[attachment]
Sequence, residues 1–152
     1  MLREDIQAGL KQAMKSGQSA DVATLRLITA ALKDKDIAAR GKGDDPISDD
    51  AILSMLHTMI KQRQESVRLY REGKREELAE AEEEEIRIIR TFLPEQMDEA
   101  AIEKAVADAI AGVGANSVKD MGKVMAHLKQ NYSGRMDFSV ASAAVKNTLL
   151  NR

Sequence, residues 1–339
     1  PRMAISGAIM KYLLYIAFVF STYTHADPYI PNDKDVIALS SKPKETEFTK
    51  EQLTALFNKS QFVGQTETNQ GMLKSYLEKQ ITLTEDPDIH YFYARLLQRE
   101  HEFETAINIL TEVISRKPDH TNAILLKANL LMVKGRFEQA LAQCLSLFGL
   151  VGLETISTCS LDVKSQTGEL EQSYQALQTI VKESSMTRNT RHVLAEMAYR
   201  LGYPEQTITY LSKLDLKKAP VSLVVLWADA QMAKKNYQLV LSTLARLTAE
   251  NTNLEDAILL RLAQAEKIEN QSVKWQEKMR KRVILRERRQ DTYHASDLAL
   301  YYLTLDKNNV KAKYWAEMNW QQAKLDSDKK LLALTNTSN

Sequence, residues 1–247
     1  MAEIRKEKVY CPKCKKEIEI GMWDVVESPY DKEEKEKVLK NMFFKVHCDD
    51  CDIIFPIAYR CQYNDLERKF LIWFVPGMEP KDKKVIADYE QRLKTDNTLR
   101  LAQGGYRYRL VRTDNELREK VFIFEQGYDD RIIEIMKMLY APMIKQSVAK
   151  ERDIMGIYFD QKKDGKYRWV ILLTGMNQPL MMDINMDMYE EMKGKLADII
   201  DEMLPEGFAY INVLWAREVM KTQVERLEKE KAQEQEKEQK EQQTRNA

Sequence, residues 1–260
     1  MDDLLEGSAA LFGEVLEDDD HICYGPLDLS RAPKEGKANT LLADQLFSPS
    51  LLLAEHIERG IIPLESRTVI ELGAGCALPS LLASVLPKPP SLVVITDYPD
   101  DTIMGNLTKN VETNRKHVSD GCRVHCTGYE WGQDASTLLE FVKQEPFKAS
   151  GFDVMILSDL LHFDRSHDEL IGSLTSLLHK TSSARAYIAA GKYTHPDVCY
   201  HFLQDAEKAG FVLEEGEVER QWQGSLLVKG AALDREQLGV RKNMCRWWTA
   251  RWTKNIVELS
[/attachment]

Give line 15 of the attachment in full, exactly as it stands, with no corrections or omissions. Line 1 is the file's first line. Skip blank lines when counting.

     1  MAEIRKEKVY CPKCKKEIEI GMWDVVESPY DKEEKEKVLK NMFFKVHCDD